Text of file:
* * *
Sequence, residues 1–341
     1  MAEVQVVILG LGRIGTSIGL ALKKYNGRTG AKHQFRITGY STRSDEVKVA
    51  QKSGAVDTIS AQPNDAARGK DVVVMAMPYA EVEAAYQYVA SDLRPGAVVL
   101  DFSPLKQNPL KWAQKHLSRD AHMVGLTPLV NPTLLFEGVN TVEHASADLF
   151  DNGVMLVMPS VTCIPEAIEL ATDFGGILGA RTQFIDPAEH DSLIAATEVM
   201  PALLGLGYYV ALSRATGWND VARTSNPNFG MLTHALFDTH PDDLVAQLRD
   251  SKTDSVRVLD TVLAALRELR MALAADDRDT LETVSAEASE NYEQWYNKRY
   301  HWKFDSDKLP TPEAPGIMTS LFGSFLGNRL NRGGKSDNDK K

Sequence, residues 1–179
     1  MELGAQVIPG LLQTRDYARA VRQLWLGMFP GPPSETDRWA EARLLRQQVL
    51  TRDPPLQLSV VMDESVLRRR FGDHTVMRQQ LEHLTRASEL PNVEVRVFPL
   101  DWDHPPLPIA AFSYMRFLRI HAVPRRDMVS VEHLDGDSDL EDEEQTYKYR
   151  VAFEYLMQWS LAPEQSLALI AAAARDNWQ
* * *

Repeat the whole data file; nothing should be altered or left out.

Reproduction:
Sequence, residues 1–341
     1  MAEVQVVILG LGRIGTSIGL ALKKYNGRTG AKHQFRITGY STRSDEVKVA
    51  QKSGAVDTIS AQPNDAARGK DVVVMAMPYA EVEAAYQYVA SDLRPGAVVL
   101  DFSPLKQNPL KWAQKHLSRD AHMVGLTPLV NPTLLFEGVN TVEHASADLF
   151  DNGVMLVMPS VTCIPEAIEL ATDFGGILGA RTQFIDPAEH DSLIAATEVM
   201  PALLGLGYYV ALSRATGWND VARTSNPNFG MLTHALFDTH PDDLVAQLRD
   251  SKTDSVRVLD TVLAALRELR MALAADDRDT LETVSAEASE NYEQWYNKRY
   301  HWKFDSDKLP TPEAPGIMTS LFGSFLGNRL NRGGKSDNDK K

Sequence, residues 1–179
     1  MELGAQVIPG LLQTRDYARA VRQLWLGMFP GPPSETDRWA EARLLRQQVL
    51  TRDPPLQLSV VMDESVLRRR FGDHTVMRQQ LEHLTRASEL PNVEVRVFPL
   101  DWDHPPLPIA AFSYMRFLRI HAVPRRDMVS VEHLDGDSDL EDEEQTYKYR
   151  VAFEYLMQWS LAPEQSLALI AAAARDNWQ